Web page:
New York could remain one legal state entity with two autonomous systems, so that the massive political influence that downstate holds would be dulled, and upstate could be free to control its own economic policies and affairs, and thus better compete for business and residents.

Upstate's Permanent Recession

22 Sep

An excerpt from Barack Obama’s speech yesterday in Troy, NY:

And I know that here in Troy, you want and need that chance after so many years of hard times.  Communities like this one were once the heart of America’s manufacturing strength.  But over the last few decades, you’ve borne the brunt of a changing economy which has seen many manufacturing plants close in the face of global competition.  So while all of America has been gripped by the current economic crisis, folks in Troy and upstate New York have been dealing with what amounts to almost a permanent recession for years:  an economic downturn that’s driven more and more young people from their hometowns.

That’s true for all of upstate, and it’s nice when politicians don’t come to town and pretend that everything’s great.  What’s also significant is that Obama rejects the central tenet of Reaganism, which holds that government is always a problem, and can never be a solution:

I also know that while a lot of people have come here promising better news, that news has been hard to come by, despite the determined efforts of leaders who are here today and many who are not.  Part of the reason is that while people in this city work hard to meet their responsibilities, I have to confess that some in Washington haven’t always lived up to theirs.

For too long, as old divisions and special interests reigned, Washington has shown neither the inclination, nor the ability, to tackle our toughest challenges.  Meanwhile, businesses were saddled with ever-rising health care costs; the economy was weakened by ever-growing dependence on foreign oil; our investment in cutting-edge research declined; our schools fell further short; growth focused on short-term gains and fueled by debt and reckless risk, which led to a cycle of precipitous booms and painful busts.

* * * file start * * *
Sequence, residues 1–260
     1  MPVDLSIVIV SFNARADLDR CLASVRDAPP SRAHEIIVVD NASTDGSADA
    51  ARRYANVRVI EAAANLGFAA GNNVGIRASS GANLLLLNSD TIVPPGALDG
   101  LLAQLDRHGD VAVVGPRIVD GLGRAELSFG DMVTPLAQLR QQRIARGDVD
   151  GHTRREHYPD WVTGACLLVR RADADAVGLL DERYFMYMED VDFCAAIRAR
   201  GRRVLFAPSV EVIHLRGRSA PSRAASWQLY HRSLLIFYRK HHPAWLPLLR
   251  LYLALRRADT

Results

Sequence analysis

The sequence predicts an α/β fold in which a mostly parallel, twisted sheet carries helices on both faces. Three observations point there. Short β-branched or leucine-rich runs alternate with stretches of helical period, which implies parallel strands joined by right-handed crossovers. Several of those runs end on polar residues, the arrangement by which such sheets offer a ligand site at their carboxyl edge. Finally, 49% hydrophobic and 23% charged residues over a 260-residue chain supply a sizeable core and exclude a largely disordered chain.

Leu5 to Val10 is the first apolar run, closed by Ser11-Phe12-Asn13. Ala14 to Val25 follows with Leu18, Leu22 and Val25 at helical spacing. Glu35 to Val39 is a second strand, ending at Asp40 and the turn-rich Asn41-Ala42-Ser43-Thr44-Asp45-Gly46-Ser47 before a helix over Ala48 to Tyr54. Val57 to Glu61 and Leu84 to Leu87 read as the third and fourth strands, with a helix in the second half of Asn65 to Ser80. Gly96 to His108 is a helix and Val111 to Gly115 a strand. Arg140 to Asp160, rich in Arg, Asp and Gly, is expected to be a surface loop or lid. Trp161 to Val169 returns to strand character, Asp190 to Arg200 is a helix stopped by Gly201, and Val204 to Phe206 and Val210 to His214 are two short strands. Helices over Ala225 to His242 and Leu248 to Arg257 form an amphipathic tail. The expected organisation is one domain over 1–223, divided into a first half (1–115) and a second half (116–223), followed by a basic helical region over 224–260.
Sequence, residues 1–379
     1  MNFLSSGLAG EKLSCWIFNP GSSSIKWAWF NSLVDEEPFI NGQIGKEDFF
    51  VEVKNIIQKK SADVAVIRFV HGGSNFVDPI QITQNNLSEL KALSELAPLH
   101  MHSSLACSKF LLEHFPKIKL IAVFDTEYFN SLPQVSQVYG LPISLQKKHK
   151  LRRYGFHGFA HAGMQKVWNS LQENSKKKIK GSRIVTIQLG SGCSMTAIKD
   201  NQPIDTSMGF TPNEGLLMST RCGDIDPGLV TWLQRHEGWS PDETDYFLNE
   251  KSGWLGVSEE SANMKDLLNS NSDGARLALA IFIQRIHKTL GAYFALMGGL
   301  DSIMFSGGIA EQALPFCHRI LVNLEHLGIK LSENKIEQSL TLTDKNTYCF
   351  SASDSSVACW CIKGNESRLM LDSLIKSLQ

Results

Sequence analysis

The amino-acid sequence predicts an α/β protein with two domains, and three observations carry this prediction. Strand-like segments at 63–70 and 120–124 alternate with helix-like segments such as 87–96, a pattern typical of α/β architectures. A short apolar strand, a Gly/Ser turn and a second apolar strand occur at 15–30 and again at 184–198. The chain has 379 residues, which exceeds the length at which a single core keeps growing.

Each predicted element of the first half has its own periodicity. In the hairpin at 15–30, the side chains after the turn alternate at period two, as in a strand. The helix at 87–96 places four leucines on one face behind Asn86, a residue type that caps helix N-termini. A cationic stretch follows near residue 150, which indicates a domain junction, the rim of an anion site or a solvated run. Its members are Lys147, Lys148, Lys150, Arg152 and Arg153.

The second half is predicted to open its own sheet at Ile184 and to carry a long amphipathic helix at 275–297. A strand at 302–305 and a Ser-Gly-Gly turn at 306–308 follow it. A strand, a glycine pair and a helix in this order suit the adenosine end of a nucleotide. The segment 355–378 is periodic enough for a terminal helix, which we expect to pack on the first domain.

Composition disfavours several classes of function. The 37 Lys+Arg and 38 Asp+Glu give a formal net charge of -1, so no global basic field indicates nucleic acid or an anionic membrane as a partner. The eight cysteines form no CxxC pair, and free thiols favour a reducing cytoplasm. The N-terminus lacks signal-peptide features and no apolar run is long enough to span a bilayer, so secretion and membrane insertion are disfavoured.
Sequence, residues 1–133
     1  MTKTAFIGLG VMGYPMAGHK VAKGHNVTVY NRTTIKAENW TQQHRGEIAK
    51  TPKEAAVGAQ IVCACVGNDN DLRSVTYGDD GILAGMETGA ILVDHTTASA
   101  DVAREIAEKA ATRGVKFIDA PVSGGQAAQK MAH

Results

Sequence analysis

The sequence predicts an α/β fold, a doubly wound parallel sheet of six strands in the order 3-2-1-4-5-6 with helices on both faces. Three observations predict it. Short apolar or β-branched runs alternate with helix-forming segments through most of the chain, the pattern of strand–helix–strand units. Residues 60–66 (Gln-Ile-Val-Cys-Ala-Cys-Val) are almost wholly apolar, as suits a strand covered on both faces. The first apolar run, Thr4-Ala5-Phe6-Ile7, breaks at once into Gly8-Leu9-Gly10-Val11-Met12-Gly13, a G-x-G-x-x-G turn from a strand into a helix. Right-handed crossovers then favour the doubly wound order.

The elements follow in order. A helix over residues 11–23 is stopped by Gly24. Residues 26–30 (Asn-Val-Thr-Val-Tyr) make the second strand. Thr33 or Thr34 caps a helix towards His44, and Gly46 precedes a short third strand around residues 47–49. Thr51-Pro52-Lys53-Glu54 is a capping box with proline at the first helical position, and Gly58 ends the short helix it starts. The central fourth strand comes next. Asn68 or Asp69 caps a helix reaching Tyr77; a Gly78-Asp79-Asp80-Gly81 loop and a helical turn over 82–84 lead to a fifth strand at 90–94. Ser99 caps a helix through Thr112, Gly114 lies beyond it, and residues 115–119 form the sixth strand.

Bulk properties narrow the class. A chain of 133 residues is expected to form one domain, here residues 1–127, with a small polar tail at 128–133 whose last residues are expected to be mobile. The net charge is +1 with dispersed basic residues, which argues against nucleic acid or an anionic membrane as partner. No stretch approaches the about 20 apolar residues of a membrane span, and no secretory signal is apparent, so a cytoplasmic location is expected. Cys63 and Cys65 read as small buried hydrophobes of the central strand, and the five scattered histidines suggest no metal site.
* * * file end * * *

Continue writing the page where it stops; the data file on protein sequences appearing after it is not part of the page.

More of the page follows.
And meanwhile, too many in Washington stood by and let it happen.  Now, after so many years of failing to act, there are those who now suggest that there’s really not much the government can or should do to make a difference; that what we’ve seen in places like Troy is inevitable; that somehow, the parts of our country that helped us lead in the last century don’t have what it takes to help us lead in this one.  And I’m here to tell you that that is just flat out wrong.  What we have here in this community is talented people, entrepreneurs, world-class learning institutions.  The ingredients are right here for growth and success and a better future.

These young people are testimony to it.  You are proving that right here in the Hudson Valley.  Students here are training full time while working part time at GE Energy in Schenectady, becoming a new generation of American leaders in a new generation of American manufacturing.  IBM is partnered with the University at Albany; their partnership in nanotechnology is helping students train in the industries in which America has the potential to lead.  Rensselaer is partnering not only with this institution but with businesses throughout the Tech Valley.  And early next year, Hudson Valley Community College’s state-of-the-art TEC-SMART training facility is set to open side-by-side with Global Foundry’s coming state-of-the-art semiconductor plant.